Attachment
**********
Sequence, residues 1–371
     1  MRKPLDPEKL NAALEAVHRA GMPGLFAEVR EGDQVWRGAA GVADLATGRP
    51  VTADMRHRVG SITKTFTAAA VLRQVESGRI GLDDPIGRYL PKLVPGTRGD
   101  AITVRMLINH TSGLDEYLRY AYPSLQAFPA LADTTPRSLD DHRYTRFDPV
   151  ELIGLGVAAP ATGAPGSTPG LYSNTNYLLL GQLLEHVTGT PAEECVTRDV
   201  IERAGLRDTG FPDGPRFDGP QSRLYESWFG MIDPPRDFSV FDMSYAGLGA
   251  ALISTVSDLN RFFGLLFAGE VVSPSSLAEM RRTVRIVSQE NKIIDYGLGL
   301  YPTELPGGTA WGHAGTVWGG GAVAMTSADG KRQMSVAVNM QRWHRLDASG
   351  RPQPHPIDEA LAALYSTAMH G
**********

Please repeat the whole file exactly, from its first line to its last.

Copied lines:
Sequence, residues 1–371
     1  MRKPLDPEKL NAALEAVHRA GMPGLFAEVR EGDQVWRGAA GVADLATGRP
    51  VTADMRHRVG SITKTFTAAA VLRQVESGRI GLDDPIGRYL PKLVPGTRGD
   101  AITVRMLINH TSGLDEYLRY AYPSLQAFPA LADTTPRSLD DHRYTRFDPV
   151  ELIGLGVAAP ATGAPGSTPG LYSNTNYLLL GQLLEHVTGT PAEECVTRDV
   201  IERAGLRDTG FPDGPRFDGP QSRLYESWFG MIDPPRDFSV FDMSYAGLGA
   251  ALISTVSDLN RFFGLLFAGE VVSPSSLAEM RRTVRIVSQE NKIIDYGLGL
   301  YPTELPGGTA WGHAGTVWGG GAVAMTSADG KRQMSVAVNM QRWHRLDASG
   351  RPQPHPIDEA LAALYSTAMH G